Missoula County is defending the job retention grants awarded to 27 area small businesses last week as a tool to help prevent further layoffs amid the pandemic.

More than 125 businesses across the county applied for the limited pool of funding, which totaled $625,000. The award amounts ranged from $10,000 to $25,000 and the majority of the funds – 58% – went to the food and drink industry.

“There were many different ways the role-out of program could have happened,” said Melissa Gordon, manager of grants for the county. “The program design we landed on, which was first-come first-serve for complete and eligible applications, made the most sense given that the goal was to get the funds out in short order.”

After the awards were announced in December, the Seeley Lake Pathfinder questioned the geographic distribution of the grants. Most, if not all of the businesses that applied for and received funding, were in the Missoula urban area.

Gordon said the county worked with the Missoula Economic Partnership, the Missoula Downtown Association, the county's communications team and neighborhood councils to help spread the word that the grants were available.

“I do recognize that some businesses in Missoula are set up to apply for funding,” Gordon said. “They're just more well equipped to be responsive to an opportunity like this. I think we did the best we could within the time parameters we had.”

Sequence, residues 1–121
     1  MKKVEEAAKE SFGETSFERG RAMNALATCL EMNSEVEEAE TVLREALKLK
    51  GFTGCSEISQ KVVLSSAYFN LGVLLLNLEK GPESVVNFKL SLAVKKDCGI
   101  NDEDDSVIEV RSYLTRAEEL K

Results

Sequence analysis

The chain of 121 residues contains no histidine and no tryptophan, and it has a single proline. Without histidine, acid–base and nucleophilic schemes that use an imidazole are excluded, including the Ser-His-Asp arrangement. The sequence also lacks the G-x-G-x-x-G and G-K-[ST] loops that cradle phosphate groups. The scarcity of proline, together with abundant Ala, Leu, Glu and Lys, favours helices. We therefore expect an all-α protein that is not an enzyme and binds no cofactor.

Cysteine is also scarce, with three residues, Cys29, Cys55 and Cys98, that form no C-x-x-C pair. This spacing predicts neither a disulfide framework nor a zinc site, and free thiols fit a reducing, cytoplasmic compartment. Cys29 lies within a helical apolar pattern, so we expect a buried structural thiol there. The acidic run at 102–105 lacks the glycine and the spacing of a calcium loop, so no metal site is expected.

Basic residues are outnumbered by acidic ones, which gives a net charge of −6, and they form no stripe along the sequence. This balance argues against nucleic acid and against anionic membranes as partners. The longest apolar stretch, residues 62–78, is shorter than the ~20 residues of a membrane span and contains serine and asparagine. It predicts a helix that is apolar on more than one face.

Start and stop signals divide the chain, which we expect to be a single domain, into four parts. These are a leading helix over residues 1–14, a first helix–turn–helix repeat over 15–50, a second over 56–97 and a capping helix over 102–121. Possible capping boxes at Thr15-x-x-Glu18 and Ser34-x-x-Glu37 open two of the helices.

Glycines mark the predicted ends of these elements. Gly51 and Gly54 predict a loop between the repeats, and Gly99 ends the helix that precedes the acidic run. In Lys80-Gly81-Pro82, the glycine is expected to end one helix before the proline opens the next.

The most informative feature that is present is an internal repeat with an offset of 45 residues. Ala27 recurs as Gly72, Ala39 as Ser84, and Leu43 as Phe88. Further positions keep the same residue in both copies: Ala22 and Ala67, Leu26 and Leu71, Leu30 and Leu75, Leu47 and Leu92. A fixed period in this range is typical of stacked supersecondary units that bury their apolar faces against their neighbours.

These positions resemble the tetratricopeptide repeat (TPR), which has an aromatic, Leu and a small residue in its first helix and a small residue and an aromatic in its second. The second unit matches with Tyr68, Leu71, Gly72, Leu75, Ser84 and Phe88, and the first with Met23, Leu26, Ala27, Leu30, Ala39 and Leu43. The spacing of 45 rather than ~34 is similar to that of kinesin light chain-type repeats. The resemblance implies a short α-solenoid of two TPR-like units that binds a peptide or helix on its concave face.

When the county opened the application period for the job retention grants in early December, the number of businesses seeking support quickly surpassed the available funding.

All told, the county received more than 125 applications from businesses seeking $2.8 million in funding to retain jobs. In the end, 27 businesses were selected to receive a combined total of $625,000 in grants.

“People learned about this electronically. No one gains an advantage by where you are,” said Commissioner Josh Slotnick. “It's unfortunate we didn't have enough money to give an award to everyone who applied. This was the best possible structure given that our goal was to get this money out the door as fast as possible, because people are hurting the way they are.”

In past years, the county has awarded funding from the Community Development Block grant revolving loan fund as loans to help with economic development.

But this time, with the urging of county staff, it changed the loans to grants to help area businesses retain low- to moderate-income jobs.

“People wonder what Missoula County is doing to help with the economic crisis we're in. This is it,” said Commissioner Dave Strohmaier. “It's not as much as we wish we could provide, but it's not an insignificant amount of money and it was leveraged creatively. These are familiar small businesses in our community.”

To have qualified for a grant, the business had to be located in Missoula County and have 50 or fewer employees. It also had to show measurable revenue losses and further risk of additional layoffs.

County staff pulled the program together before Congress reached agreement on the latest COVID relief package.

“This was a stop-gap until the feds moved in with greater resources,” said Slotnick. “It doesn't mean everything is all right for everyone. We're in a terrible spot, but it's not nearly as bad as it would have been if better legislation hadn't come in.”